Though it did feel a bit like Halloween when it came time to marinate the chicken. Just over eight pounds, the bird happened to be the exact weight of my youngest son at birth, which seemed an adorable coincidence at first. But as I rinsed it off and patted it dry, I felt an unsettling maternal pull. I was supposed to be stuffing it with lemons and giving it the Scarborough Fair treatment overnight but part of me wanted to dress it in a onesie, put it to bed and become a vegetarian. Was the universe telling me to order pizza?

I am the world’s most boring adrenaline junkie, who will cut every deadline alarmingly close for the sheer thrill of it. So this was useful advice.

As everyone arrived the next day, I was just finishing slathering the marinated chicken with butter and feeling pretty self-congratulatory. We all gathered in the kitchen, Karen filled everyone’s glasses with Prosecco, and we toasted.

“Oh, my god, it looks like an actual chicken!” she marveled, as we peeked in the oven.

“I know — look how cute it is!”

Hours later, when it was time to take it out, we set it down on the counter and immediately high-fived each other.

“It’s a test of a real chef to be able to make a roast chicken,” Karen said.

“Yes,” I agreed. “We’re geniuses!”

Then came the laughter, unlike any we had ever heard: high-pitched, cascading torrents of giggles. Mom — champagne flute in hand — appeared behind us, peering over our shoulders at our work. Karen and I exchanged looks that said: Is Mom drunk for the first time ever? How much Prosecco has she had?

“It’s upside-down!” Mom, uproarious, managed to say, pointing at our chicken. “You cooked it upside-down! That’s its back!”

Karen and I studied it, baffled, as I struggled to piece together this mystery: “Then, what did I do with all that butter?”

“You gave it A BACK MASSAGE!” Mom hooted, and we did too. And now Brian and my dad and the boys huddled around to heckle our upside-down chicken and after a quick debate with Karen (“I don’t want to poison anyone, should we cook it some more?” “It’s the right internal temperature, see?” “Yes, but do you think it’s ok to consume?”) we all voted on whether to shove it back in the oven right-side-up. The ayes had it; we flipped it and closed the oven door.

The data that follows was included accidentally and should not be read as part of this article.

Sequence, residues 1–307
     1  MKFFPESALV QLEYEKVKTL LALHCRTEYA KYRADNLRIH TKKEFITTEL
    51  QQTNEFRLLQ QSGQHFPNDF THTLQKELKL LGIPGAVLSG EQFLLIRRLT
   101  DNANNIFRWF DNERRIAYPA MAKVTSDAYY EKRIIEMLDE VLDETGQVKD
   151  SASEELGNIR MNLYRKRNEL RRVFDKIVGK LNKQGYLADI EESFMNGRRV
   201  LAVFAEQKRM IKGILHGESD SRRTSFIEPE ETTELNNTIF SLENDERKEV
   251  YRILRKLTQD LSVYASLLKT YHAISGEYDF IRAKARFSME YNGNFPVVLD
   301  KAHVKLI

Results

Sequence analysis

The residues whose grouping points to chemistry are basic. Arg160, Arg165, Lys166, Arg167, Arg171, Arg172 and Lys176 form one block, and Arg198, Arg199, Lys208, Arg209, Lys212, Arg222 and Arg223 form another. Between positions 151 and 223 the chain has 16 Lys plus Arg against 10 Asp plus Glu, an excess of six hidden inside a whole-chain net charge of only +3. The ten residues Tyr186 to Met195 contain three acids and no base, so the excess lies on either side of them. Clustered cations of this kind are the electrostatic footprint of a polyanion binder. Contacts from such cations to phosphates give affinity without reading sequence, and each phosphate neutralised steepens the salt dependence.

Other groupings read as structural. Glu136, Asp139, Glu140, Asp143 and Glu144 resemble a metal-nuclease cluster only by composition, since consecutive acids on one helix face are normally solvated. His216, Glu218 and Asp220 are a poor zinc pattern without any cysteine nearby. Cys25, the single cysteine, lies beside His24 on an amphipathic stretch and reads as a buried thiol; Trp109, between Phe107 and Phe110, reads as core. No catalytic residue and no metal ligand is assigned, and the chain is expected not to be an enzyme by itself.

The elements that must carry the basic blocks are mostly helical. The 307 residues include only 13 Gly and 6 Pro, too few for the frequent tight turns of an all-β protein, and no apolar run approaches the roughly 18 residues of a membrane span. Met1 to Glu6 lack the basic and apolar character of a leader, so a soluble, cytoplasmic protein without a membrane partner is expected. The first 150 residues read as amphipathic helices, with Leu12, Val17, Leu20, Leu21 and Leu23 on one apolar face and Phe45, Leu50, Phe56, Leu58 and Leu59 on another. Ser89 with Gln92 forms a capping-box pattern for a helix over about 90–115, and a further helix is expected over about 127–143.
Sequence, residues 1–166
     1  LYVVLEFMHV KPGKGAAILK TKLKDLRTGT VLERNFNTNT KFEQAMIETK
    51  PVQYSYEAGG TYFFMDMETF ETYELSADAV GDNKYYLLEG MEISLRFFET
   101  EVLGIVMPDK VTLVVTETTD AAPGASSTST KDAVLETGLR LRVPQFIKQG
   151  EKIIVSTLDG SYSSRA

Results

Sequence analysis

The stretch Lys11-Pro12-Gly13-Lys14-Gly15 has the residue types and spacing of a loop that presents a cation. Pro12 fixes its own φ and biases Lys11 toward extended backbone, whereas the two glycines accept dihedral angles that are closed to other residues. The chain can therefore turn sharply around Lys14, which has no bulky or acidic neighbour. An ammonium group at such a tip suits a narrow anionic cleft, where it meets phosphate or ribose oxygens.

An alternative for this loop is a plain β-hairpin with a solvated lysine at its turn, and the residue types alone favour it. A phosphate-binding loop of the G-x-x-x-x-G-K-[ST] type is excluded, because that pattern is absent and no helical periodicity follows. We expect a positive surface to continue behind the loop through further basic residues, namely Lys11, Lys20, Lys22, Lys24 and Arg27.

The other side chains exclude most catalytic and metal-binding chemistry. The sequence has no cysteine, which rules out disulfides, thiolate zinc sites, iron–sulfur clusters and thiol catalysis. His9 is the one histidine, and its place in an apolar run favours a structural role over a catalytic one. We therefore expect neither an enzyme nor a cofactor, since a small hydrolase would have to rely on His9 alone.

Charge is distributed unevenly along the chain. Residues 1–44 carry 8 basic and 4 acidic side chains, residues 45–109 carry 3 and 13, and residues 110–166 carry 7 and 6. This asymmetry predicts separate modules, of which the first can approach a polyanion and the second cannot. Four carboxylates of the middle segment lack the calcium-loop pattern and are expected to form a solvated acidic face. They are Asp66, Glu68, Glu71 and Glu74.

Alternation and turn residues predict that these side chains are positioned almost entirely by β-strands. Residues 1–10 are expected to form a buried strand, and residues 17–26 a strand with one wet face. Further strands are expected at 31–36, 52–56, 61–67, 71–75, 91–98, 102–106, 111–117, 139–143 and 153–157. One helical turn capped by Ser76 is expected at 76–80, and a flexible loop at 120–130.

When I finally pulled it out, let it rest, and then carved it in the ragged way of a horror movie, we gathered around the table at last and discovered… it actually tasted good. And by good I mean everyone ate it (except my boys who had macaroni and cheese because they won’t eat anything that has ever had a face) and we finished the whole thing. No one even got food poisoning.

Days later when I recounted this to friends, casting myself as a beguiling epicurean rebel, no fewer than three of them informed me that I had not actually invented this trick. But that’s alright, it was still a triumph. This is now how I do it every Christmas: I may not know much about cooking, but I do have a feeling this is how traditions are born.

And after not being together last holiday, I suspect this topsy-turvy dish will seem even more delicious this year, no matter how it actually turns out.

Behold: The (Inadvertently) Upside-Down Chicken


Your favorite roast chicken recipe

Lasagna pan

Bendy laurel-wreath roasting rack


  1. Follow your recipe, except put all the seasoning and butter and whatever else your recipe calls for on the chicken’s back.

  2. Cook upside-down for as much of the suggested cooking time as you’re comfortable with. When you feel like it, flip it over. (Wear an apron.) Cook for the rest of the recommended time and the internal temperature your recipe instructs.

  3. Let it rest. It will be tired after what you’ve put it through.

  4. Serve with many reliable side dishes, just in case.


Aimee Agresti is the author of five novels: The Summer Set, Campaign Widows, and The Gilded Wings TrilogyIlluminate, Infatuate, and Initiate.

Agresti is also a journalist and former staff writer for Us Weekly, where she penned the magazine’s coffee-table book Inside Hollywood and made frequent appearances on Access Hollywood and Entertainment Tonight. Her work has appeared in a number of publications including People, Premiere, the Washington Post, and the New York Observer. She lives in the Washington, D.C. area with her family.

For more, visit aimeeagresti.com and follow her on Instagram, Facebook and Twitter.